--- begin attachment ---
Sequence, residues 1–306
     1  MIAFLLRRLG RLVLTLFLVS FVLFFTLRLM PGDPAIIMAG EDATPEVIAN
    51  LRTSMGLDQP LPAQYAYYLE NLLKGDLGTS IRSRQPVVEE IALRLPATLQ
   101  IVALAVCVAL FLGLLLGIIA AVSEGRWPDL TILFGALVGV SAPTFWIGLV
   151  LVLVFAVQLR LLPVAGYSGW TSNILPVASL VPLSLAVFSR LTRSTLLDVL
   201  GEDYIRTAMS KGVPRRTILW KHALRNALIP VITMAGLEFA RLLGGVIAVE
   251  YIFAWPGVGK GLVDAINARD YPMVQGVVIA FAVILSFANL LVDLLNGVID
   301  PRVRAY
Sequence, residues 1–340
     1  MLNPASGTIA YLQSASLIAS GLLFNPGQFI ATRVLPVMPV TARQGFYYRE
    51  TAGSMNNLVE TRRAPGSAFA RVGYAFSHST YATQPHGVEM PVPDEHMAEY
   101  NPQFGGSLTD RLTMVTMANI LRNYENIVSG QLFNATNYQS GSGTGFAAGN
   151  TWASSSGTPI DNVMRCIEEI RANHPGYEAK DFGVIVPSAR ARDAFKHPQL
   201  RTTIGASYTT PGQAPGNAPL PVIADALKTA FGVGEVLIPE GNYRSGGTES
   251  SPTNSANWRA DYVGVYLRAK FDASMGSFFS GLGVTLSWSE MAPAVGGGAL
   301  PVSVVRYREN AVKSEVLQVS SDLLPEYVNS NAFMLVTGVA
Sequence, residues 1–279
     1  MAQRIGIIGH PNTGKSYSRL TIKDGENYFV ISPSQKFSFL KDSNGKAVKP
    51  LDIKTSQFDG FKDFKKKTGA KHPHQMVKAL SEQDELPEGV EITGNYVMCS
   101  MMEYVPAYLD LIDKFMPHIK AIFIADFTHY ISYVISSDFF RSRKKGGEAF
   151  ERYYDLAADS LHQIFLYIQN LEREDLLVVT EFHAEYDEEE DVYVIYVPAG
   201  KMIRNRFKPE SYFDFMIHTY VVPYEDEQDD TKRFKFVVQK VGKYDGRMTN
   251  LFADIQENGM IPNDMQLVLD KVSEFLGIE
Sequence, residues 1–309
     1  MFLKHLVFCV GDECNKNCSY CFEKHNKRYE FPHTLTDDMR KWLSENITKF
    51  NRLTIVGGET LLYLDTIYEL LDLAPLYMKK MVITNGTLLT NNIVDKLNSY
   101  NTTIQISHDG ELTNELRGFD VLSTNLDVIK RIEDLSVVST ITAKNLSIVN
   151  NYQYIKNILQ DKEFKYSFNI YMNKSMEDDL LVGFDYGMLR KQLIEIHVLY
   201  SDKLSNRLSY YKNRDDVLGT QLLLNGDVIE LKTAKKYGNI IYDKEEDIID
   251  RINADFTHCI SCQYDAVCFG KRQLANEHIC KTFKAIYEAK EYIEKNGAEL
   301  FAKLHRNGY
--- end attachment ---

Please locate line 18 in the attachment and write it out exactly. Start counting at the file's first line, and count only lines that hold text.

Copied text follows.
     1  MAQRIGIIGH PNTGKSYSRL TIKDGENYFV ISPSQKFSFL KDSNGKAVKP